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Western unveils new endowed chair with focus on chronic kidney disease research

Bill Clark (centre) with brothers George (left) and Bob. Marshall Healey/980 CFPL

Western University officials are celebrating the creation of The Clark Chair in Nephrology at London, Ont.’s, Schulich School of Medicine and Dentistry.

The new chair, named after nephrologist and Schulich professor emeritus Dr. William F. Clark, comes with an endowment of $3.5 million for research into chronic kidney disease, which impacts one in 10 people and is expected to be the world’s fifth most common cause of early death by 2040, the university says.

Speaking with reporters, Clark described the announcement as humbling.

“My accomplishments really are the result of working with a lot of very gifted and talented people, and I was just very lucky to arrive at certain points in time with such a great cohort of people to work with,” he said.

“You get great results when you work with great people. So I was very lucky.”

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The endowment was created by London Health Sciences Foundation, The Kidney Foundation of Canada, and Western University, who matched funds raised by the two charities.

“When a chair is created, it is an investment by the community and the university in declaring, for our institution as well as our outside partners, that this is an absolutely critical research focus for our organization,” said Dr. John Yoo, dean of Schulich School of Medicine and Dentistry.

“It’s planting a flag to us internally, and messaging to the outside, that nephrology research is an absolutely critical part of our research enterprise.”

Endowed chairs like The Clark Chair in Nephrology make a big difference in attracting and retaining talent in London, said Western President Alan Shepard.

“It allows Western and the LHSC together to appoint somebody to the chair who has a mix of duties, partly to treat patients who have kidney disease, but also to do research,” Shepard said.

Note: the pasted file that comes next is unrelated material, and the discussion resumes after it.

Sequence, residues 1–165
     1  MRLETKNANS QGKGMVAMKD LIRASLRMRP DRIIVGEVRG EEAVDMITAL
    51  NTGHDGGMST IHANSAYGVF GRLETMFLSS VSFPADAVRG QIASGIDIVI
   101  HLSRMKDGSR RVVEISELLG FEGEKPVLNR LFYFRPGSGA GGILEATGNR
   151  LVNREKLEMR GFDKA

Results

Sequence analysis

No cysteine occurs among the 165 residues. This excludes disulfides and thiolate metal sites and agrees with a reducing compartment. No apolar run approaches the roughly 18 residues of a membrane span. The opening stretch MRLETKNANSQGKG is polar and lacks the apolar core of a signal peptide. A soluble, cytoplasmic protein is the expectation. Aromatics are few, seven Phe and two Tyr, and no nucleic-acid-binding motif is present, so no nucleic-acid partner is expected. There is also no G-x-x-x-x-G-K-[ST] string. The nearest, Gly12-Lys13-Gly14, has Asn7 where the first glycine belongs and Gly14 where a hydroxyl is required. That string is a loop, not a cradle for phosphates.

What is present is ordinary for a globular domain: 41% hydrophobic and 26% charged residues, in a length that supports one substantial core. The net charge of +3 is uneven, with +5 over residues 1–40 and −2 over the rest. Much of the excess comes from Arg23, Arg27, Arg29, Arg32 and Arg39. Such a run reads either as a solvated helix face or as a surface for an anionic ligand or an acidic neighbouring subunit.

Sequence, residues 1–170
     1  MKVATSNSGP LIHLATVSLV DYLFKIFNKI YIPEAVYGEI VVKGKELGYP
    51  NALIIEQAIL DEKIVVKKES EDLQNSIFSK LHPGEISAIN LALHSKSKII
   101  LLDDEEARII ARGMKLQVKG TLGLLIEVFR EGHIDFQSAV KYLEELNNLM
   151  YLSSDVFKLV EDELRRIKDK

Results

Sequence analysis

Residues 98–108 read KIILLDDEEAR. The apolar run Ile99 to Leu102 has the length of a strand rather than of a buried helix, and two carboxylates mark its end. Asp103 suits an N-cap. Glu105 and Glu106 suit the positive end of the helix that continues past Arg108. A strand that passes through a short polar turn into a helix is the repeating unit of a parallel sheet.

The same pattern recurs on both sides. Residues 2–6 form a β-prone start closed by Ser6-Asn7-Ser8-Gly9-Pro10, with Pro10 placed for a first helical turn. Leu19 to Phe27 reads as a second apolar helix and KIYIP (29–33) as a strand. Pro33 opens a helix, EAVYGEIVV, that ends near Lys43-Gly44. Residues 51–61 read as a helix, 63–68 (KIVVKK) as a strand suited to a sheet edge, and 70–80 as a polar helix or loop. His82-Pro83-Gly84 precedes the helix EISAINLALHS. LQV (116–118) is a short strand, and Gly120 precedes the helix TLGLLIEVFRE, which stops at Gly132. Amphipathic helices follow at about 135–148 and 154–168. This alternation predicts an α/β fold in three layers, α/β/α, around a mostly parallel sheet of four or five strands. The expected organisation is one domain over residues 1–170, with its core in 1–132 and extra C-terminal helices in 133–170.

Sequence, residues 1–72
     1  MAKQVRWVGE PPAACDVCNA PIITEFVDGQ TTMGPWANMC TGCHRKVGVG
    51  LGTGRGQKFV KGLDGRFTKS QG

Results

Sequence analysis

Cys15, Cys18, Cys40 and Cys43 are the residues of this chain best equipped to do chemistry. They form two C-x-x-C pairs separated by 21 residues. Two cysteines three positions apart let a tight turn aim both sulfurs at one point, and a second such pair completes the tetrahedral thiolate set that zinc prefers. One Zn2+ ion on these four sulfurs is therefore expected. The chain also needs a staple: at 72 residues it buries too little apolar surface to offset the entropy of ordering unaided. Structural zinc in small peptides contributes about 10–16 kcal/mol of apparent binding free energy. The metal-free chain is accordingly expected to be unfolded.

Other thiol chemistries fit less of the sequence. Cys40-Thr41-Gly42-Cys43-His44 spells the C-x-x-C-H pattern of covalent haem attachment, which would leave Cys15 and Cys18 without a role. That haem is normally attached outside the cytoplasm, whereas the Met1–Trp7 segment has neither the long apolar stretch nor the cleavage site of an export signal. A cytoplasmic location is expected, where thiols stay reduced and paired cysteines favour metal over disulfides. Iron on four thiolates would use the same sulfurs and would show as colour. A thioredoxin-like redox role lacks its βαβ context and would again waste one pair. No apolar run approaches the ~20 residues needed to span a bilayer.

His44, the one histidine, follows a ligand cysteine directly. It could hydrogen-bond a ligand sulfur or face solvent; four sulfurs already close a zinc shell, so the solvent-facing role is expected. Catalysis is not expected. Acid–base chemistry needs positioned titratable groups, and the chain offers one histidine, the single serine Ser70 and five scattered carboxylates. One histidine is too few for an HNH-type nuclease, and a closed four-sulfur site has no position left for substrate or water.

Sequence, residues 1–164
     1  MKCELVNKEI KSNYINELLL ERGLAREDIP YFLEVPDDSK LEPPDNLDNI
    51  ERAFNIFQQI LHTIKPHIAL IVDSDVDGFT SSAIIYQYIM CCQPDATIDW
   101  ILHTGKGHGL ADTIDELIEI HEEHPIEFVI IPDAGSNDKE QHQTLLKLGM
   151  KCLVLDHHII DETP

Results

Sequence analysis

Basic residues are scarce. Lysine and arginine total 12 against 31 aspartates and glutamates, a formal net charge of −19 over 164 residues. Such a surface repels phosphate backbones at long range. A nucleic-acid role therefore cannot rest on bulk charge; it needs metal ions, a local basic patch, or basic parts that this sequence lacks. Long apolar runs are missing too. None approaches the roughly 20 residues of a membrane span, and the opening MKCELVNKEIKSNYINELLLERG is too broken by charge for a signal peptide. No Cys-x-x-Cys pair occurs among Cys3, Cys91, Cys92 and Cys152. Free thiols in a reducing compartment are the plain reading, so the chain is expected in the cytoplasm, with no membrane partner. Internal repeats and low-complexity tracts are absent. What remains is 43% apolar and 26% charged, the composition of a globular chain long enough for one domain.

It’s through the research that we can advance the cause of that treatment. If you don’t do research, the treatment you give tomorrow and the next day is the same as you gave yesterday or the day before.”

Clark echoed Shepard’s sentiments, saying that the creation of chairs was critical in ensuring that “productive groups become more productive.”

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“I think with the nephrology program at Western, they really have a great reputation, but to sustain that and to build on that, you need chairs to bring in really excellent talent to grow the product more,” he said.

“This is the opportunity to do that. And I thank everyone who’s contributed to this chair for that because it really helps all of us, and particularly our patients with kidney disease.”

Clark’s career dates back roughly four decades, according to a media release issued by Western University, which highlights his contributions to myeloma kidney disease and to screening strategies for kidney disease.

As well, the university says his research into the devastating Walkerton E. coli outbreak in 2000, which left seven people dead and more than 2,000 sickened, “enhanced the knowledge and practice of nephrology globally.”

“It started with leaders like Bill Clark who developed a philosophy and a culture of collaborative research here,” said Yoo when asked about Western’s prominence in nephrology.

“They’ve been able to attract the best nephrology researchers and clinicians into the city and the university, and they have done, I would say, profound, impactful studies that have changed the way that care is delivered for kidney patients all over the world.”

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Who will be selected for the chair is anybody’s guess. The process for applying is rigorous, and includes a committee who evaluates the qualifications of those who have applied, Yoo said.

“There will be individuals from across Canada and beyond Canada that I imagine will apply to this very prestigious chair.”

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